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April 2006Vol. 7, No. 3Coping With Parental Loss Due to Termination of Parental Rights

Children and adolescents who lose their parents because of a termination of parental rights (TPR) may respond with a variety of coping strategies, some of which may not promote good mental health. Despite their parents' maltreatment, these children often grieve the parental loss and may need specific help in developing coping strategies that help them heal and move forward.

To study coping strategies, researchers interviewed 60 children and adolescents, ages 9–18, who had been removed from their parents because of abuse or neglect. After an average of eight placements in foster care, these children had been placed in residential treatment because of moderate to severe emotional difficulties.

The researchers found that the children tended to use avoidant coping strategies the most, followed by emotion-focused coping strategies and problem-focused coping strategies. Only emotion-focused coping strategies, which involved focusing on feelings by expressing them, were associated with greater psychological symptomatology.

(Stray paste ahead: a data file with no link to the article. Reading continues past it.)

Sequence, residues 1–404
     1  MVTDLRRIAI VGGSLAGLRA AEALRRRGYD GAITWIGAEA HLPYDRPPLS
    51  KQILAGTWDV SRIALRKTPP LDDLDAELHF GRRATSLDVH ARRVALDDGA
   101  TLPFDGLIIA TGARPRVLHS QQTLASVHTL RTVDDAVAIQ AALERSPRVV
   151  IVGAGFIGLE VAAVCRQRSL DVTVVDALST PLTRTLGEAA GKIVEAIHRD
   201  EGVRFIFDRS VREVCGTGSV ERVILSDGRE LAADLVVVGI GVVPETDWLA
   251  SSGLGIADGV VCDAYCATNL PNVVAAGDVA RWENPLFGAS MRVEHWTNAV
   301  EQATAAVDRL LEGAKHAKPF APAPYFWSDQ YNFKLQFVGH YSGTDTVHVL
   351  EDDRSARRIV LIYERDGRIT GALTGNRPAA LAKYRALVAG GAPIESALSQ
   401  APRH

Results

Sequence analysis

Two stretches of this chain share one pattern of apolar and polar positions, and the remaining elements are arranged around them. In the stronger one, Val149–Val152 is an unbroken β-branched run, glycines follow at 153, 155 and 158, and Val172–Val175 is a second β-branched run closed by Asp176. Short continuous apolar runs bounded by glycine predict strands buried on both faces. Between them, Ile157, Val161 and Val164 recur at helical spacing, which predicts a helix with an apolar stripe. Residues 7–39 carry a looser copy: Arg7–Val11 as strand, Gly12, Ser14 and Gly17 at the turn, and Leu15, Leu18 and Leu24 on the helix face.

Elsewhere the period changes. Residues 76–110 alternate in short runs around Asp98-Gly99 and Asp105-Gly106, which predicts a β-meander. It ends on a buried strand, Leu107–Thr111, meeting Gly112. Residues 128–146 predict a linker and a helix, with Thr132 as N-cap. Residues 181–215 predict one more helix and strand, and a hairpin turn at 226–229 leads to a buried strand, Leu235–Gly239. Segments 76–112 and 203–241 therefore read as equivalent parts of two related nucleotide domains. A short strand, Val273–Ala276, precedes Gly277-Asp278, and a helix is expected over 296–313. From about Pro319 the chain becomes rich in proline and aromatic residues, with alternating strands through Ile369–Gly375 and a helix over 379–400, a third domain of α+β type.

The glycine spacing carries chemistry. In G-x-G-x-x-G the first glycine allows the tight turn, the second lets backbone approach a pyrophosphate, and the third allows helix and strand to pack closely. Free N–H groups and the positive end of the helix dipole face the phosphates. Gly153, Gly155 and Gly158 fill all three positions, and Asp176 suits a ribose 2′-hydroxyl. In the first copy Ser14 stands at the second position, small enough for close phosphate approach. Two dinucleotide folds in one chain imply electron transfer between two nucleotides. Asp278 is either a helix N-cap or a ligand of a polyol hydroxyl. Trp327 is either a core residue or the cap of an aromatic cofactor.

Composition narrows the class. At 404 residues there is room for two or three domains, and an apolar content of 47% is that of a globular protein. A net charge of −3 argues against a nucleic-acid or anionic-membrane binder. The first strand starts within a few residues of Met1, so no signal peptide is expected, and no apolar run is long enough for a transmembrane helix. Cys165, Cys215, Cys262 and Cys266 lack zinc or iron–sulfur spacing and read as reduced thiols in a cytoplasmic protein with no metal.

Mental health practitioners who treat children grieving the loss of their parents due to TPR may want to shift their focus away from the expression of emotions to a more concrete focus that includes:

  • Answering children's questions about the situation
  • Helping the children develop problem-solving skills
  • Working toward increasing self-esteem
  • Developing the children's interpersonal skills
  • Increasing the children's social network

This study, "Coping with Parental Loss Because of Termination of Parental Rights," by K. M. Schneider and V. Phares, was published in the November/December 2005 issue of Child Welfare. (PDF - 1,096 KB)